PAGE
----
Long commutes or working far away from home can be very stressful if you highly value quality time at home. Maybe you have been told by your agent that these shifts are all that are available, or maybe you are choosing the shifts for the higher rates. Whatever the reason, maybe being away from home is pushing you over the edge.
👉 Inconsistency in your routine
The consistency and stability of a regular routine can be really important for people. As a locum, spreading yourself across departments can feel destabilizing and you may feel constantly out of your comfort zone if you don’t know the team, the processes, or the role that you are being asked to work within.
👉 Inappropriate upskilling
Being asked to do something that feels out of your depth like acting up, or performing a skill that you aren’t confident with can be very scary for locums. You might find ‘letting people down’ very difficult and be unsure of when you can and can’t say no to a request.
👉 Financial pressure
Just because it’s possible to earn over £100,000 as a locum SHO, or even out-earn your consultant, doesn’t mean that this is the best thing for you to do. Being over-ambitious in earning goals may be putting unnecessary pressure on yourself.
🤔 How to Manage Burnout:
Maybe you started locuming as a means of combatting burnout in your training post, and now you feel helpless as the feelings have not gone away. You might be asking yourself whether you should leave medicine altogether, and while this is certainly one option, it is not the only option.
🍎 Focus on the Fundamentals
Make sure that you are properly taking care of yourself. This might include:
✅ Get some proper sleep
✅ Stay hydrated
✅ Eat wholesome meals
✅ Move your body and elevate your heart rate
✅ Step away from your stressors by putting that research project on hold, or going on holiday
✅ Avoid substances like cigarettes, alcohol and other drugs.
These recommendations are based on the six pillars of health which are evidence-based recommendations for promoting physical and mental well-being (references here and here).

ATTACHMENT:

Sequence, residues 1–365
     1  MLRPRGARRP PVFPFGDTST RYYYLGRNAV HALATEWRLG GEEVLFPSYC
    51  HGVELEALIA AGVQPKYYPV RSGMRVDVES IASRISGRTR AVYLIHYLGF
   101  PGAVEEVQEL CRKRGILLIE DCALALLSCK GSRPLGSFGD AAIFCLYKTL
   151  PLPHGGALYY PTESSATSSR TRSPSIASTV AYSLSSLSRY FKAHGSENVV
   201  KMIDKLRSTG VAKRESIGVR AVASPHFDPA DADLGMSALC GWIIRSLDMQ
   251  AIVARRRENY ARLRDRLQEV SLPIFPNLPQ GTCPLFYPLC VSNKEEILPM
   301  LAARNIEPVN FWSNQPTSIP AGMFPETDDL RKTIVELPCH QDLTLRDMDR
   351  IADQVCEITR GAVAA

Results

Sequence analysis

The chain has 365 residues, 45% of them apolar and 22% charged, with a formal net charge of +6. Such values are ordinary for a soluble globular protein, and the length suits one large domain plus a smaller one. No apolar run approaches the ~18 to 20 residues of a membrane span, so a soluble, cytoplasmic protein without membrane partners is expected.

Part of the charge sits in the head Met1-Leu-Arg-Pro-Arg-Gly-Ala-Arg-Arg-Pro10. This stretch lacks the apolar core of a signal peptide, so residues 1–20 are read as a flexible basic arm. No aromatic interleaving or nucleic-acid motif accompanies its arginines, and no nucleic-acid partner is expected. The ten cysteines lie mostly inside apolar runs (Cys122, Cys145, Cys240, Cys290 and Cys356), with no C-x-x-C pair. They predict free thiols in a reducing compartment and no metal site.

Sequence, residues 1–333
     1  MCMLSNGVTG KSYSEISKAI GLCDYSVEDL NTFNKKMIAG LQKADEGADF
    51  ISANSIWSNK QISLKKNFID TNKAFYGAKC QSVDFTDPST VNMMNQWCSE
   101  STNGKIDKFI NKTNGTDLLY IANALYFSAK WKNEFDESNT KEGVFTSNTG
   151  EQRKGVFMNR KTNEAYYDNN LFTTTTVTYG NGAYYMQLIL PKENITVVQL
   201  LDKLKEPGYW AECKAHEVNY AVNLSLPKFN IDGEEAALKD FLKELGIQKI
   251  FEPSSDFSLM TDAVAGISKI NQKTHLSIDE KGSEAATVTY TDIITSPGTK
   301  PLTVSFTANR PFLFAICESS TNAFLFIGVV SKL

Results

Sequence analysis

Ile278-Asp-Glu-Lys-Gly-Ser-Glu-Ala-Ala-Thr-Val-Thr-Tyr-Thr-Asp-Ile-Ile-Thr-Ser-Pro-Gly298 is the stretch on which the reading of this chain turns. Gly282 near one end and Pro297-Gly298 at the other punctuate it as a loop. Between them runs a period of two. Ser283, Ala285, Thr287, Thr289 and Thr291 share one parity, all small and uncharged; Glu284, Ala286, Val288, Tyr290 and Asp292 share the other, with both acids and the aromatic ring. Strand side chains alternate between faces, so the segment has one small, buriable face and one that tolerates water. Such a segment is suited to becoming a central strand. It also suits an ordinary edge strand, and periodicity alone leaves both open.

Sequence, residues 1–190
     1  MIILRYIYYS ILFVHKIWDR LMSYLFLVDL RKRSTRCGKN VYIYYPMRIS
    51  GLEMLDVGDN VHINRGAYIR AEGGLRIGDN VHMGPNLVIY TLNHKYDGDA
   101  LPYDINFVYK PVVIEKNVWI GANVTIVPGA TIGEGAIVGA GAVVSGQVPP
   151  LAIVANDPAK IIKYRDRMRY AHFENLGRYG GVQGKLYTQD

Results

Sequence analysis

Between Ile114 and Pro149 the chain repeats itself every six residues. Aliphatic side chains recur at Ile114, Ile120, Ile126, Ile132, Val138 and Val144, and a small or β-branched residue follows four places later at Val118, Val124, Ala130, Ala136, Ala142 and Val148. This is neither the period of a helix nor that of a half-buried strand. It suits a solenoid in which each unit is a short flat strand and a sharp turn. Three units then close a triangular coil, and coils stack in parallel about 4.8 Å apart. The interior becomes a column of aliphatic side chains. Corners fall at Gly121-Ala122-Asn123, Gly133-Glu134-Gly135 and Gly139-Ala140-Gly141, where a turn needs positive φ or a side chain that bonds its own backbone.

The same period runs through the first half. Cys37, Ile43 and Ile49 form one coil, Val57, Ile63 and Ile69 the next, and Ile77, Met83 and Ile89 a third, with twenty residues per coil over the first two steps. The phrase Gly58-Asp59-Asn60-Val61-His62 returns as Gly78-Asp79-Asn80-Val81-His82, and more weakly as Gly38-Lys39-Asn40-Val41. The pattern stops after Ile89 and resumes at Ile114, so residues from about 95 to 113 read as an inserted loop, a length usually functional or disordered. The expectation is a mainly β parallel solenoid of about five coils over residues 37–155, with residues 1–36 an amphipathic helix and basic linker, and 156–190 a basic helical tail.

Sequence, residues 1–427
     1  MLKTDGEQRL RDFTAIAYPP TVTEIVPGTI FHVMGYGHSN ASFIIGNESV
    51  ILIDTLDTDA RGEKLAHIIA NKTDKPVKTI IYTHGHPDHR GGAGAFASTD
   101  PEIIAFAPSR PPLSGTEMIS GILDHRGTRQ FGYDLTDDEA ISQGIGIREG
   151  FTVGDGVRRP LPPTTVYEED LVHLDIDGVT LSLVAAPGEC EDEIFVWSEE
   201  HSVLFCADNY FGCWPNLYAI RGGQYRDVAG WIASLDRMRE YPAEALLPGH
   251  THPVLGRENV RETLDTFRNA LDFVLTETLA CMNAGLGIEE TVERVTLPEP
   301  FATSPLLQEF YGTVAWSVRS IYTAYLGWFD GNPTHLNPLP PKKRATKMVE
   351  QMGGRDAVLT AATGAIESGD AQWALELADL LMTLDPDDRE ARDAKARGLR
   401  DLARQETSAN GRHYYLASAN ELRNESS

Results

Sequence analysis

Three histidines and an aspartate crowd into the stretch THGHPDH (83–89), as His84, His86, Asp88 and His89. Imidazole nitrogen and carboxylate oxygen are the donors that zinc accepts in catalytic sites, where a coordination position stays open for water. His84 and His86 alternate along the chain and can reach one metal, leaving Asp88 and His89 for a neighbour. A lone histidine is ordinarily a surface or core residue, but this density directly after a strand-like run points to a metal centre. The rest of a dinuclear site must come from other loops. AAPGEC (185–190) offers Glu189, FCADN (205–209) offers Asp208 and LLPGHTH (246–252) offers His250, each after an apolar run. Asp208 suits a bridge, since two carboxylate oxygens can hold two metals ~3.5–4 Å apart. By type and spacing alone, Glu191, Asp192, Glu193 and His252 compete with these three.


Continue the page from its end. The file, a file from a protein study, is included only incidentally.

Here is a free NHS resource for a personalised mind plan of evidence-based interventions to boost your mental well-being.
💭 Communicate and Escalate
Don’t keep your struggles to yourself. Bringing others into the fold can help you find solutions you might not have been able to identify on your own.
Try talking to:
👉 Your Friends and Family:
They may have had similar struggles and could provide valuable insight and support.
👉 A peer group:
Joining a peer group to discuss the issues you’re facing and get the group’s perspective and support. If you haven’t joined a peer group or don’t know what this involves, check out this article on peer groups for locum doctors here.
👉 Your Rota Co-ordinator / Medical HR / Your Agent:
Whoever is sending you shifts, let them know exactly what shifts might be right for you and what isn't. If you don't want to travel, then tell your agency to look for work more locally, and if you are moving departments too frequently then tell your rota coordinator that you want consistency over frequency. Once they know exactly what you want, they are more likely to message you when the right shifts are available.
👉 Your GP:
As an outsider, they may be able to offer more objective support and help manage any additional symptoms of anxiety or depression.
👉 Occupational Health:
If you need a referral from your line manager, then you may not be able to use OH for support as a locum. However, if you locum for the same trust regularly, then you may find that medical HR will still refer you if you ask them to. If OH accepts self-referrals then give that a go. Alternatively, your agency may have its own OH department or a company that they work with to speak to them about your options.
🙏 Regain Control
Anyone who has built a house knows that you spend most of your money laying foundations which aren’t ever seen again. Even though they lie under the surface, setting strong and stable ground from which to build your working life is essential to creating a lasting and secure structure.
Before you decide that medicine is no longer for you, try using this locum workbook to redefine your goals and boundaries. Once you have reflected on your individual circumstances and needs, you will find it easier to identify areas in your locum life that are contributing to your feelings of burnout.
✅ Re-balance your schedule: